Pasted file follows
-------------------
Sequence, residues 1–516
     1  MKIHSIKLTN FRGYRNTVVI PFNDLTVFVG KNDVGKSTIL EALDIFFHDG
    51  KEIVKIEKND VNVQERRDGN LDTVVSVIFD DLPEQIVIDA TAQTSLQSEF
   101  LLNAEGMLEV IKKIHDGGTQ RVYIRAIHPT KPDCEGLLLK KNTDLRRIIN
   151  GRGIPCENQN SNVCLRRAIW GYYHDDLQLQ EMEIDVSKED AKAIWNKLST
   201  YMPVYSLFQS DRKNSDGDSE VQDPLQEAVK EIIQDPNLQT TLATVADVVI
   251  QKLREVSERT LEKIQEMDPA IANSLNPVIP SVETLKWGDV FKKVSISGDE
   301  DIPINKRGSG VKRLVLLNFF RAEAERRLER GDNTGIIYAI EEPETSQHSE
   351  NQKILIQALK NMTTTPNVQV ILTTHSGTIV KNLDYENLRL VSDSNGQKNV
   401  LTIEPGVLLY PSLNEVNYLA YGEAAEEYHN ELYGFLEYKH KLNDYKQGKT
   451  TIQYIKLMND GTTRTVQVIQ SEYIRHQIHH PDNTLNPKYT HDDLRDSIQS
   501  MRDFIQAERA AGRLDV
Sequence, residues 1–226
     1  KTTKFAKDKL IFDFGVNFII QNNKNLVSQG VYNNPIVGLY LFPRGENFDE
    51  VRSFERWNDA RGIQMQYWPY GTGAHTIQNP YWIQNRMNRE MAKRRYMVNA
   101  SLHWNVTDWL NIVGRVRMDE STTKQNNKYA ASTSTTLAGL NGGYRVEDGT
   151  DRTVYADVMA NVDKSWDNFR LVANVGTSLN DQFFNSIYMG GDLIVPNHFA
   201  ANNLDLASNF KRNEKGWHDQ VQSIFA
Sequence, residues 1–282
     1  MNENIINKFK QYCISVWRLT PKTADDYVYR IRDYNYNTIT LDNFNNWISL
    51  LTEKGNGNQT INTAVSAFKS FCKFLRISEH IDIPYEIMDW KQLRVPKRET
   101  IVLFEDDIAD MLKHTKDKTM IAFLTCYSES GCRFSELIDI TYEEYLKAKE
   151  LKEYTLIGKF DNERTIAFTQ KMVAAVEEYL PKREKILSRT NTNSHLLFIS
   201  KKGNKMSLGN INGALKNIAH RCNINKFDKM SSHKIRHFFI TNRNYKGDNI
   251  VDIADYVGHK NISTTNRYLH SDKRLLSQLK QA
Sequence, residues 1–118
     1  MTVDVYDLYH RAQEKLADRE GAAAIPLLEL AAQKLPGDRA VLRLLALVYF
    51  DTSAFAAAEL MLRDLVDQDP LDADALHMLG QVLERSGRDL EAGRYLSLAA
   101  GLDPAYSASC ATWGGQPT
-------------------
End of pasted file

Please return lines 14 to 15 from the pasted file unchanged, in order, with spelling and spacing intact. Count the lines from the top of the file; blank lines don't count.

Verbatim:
     1  KTTKFAKDKL IFDFGVNFII QNNKNLVSQG VYNNPIVGLY LFPRGENFDE
    51  VRSFERWNDA RGIQMQYWPY GTGAHTIQNP YWIQNRMNRE MAKRRYMVNA